Before she had finished her own thoughts, Joshua had murmured a few words to the Lord and jiggled the reins, starting up the horses. He let the two tired animals pull the wagon slowly up the almost imperceptibly rising road toward the head of the valley. But Charity wished they would take even more time to get there.
Joshua waved his hand to the right. "There's the school where you'll be teaching, over there."
Charity looked at the small, neglected-looking log building set back from the road amid tall, seed-topped grasses that dipped and swayed gently in the slight breeze. The noon sun, filtering through yellow-leafed trees, seemed to surround it with a honey glow that raised her spirits in spite of herself.
"See," Joshua said, watching her, "even our sugar maples want to welcome you. Makes you feel like God is right in there with you when you're under a bunch of them."
She only nodded and they went on past some cabins set barely back from the road and narrow lanes leading down to cleared areas where she could see glimpses of barns and spring houses. Here and there a cow wandered. She saw a woman stirring something in a big, black pot over an open fire and felt a flash of sympathy. The September day was warm and the woman's long dress seemed dangerously close to the fire.
Joshua kept up a running conversation without her doing more than murmur once in awhile, pointing at a lane or a cabin and calling out the name of someone who lived there. "Tabitha and Nathan Ballard live a little ways down there. I've stayed with them sometimes, but now I've moved into the house where Bethany and I will live after the wedding. It's set way back almost to the mountain. Just off the main road ... just off Birdsong Road ... there is Bertie McMillan and her little girl, Sally. Husband went off near the beginning of the war and was killed, so they live alone. There's an empty cabin over on the left here. That's where the church pastor lived before the war. It's been empty since he got scared at the beginning of the war. Run off by the bushwhackers. They despoiled this valley for a while. Worse than what the neighbors did to each other, fighting over who took to the Union and who took to the South."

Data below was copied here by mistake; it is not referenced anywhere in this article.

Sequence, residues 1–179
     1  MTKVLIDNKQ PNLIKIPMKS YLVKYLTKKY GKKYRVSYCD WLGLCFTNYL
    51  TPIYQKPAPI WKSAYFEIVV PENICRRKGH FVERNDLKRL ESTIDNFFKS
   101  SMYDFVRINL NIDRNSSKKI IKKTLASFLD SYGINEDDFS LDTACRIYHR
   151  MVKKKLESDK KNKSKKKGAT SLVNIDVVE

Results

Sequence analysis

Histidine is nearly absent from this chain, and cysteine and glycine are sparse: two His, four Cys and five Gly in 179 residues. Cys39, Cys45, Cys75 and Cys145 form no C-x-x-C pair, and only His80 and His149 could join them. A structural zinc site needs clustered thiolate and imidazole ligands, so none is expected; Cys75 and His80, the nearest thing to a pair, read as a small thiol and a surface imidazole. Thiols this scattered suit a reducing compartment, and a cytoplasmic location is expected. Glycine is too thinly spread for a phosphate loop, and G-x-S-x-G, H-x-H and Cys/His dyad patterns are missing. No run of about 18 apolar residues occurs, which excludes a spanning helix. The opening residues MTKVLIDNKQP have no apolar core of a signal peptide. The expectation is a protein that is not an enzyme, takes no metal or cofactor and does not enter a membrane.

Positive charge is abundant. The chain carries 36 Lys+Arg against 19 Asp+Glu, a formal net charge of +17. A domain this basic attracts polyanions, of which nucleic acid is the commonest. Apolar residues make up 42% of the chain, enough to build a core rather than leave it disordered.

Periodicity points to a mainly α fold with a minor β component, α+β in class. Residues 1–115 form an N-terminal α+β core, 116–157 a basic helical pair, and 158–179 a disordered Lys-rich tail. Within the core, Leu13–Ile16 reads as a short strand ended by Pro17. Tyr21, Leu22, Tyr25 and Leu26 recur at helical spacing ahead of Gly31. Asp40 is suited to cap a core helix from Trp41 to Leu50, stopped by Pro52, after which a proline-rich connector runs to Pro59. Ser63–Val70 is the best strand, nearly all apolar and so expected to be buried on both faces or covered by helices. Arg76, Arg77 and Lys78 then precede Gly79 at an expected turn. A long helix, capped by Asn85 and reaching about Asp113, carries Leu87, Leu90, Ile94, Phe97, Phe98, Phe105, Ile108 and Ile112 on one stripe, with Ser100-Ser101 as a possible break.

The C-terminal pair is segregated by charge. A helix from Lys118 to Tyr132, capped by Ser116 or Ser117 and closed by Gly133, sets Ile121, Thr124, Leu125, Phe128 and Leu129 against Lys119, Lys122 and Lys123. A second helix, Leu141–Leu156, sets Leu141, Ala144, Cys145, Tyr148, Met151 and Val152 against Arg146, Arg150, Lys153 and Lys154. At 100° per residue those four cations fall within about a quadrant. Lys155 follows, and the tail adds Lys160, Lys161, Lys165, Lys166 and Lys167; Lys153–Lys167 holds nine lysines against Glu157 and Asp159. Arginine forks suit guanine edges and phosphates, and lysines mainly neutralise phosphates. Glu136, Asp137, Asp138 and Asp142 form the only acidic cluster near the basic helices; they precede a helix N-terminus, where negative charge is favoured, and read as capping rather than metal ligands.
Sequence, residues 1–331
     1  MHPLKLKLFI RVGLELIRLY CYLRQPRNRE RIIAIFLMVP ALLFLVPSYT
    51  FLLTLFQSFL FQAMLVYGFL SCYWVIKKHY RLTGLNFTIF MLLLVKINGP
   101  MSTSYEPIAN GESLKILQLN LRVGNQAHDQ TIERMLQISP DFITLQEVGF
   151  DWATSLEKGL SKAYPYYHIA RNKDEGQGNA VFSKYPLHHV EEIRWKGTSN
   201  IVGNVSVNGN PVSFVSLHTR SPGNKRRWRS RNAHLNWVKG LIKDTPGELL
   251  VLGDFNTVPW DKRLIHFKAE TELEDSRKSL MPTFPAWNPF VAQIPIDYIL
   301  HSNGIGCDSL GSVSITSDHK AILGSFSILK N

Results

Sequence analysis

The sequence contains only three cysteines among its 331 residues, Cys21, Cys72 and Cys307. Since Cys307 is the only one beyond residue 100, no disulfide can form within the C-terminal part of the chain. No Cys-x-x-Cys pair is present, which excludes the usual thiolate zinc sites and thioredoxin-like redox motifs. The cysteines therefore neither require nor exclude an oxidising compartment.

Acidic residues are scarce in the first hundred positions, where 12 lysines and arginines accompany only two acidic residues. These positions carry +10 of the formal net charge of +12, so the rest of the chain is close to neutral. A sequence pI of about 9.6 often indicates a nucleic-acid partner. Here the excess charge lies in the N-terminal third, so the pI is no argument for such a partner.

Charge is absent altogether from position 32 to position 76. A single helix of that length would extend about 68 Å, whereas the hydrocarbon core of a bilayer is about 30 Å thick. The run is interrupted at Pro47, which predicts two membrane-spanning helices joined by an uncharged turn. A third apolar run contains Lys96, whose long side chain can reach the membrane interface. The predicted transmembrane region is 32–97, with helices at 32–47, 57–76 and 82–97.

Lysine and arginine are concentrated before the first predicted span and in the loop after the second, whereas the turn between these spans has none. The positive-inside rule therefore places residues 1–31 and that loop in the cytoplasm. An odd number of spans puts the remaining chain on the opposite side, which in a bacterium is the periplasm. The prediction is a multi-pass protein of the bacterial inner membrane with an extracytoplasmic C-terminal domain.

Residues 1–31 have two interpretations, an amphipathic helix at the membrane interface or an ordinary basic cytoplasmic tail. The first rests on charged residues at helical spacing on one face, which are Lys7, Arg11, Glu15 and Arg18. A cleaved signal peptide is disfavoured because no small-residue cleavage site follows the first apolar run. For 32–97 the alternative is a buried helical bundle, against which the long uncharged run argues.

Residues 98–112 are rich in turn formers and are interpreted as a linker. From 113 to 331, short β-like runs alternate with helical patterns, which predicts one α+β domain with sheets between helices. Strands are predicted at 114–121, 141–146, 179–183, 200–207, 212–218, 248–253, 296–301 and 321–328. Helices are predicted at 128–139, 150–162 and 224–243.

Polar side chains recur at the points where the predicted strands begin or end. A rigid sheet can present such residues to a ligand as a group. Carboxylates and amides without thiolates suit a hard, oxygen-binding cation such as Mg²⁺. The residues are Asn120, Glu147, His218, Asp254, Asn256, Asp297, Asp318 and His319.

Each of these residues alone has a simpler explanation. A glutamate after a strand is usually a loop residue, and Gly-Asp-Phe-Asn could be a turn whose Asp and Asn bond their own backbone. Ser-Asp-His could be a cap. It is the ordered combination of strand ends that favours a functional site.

Charity was grateful not to have to talk, knowing that Joshua was deliberately not saying anything that required an answer. Certainly he knew she wasn't going to join him in talking about North and South. Too soon, she saw the log cabin set under trees against the base of the mountain that Joshua had described to her, on their way over, as Aunt Nell Morgan's home.
It was a stretched-out cabin with an obviously new addition bumped up against the left side of the original and a wide stone chimney at each end. Smoke drifting out each of them made a soft welcome against the trees.
There were people in front of it, three of them. One was wearing a blue uniform. And the tall, wide woman who must be Aunt Nell was hugging that uniform like it was wrapped around a long lost friend.
Almost without her mind's direction, Charity's legs scrambled to climb over the side of the wagon, even though it was still gently rolling.
"No. I won't stay near any Yankee. I'll just go back."
Joshua reached out a long arm and caught her, pushing her down against the seat a little harder than necessary.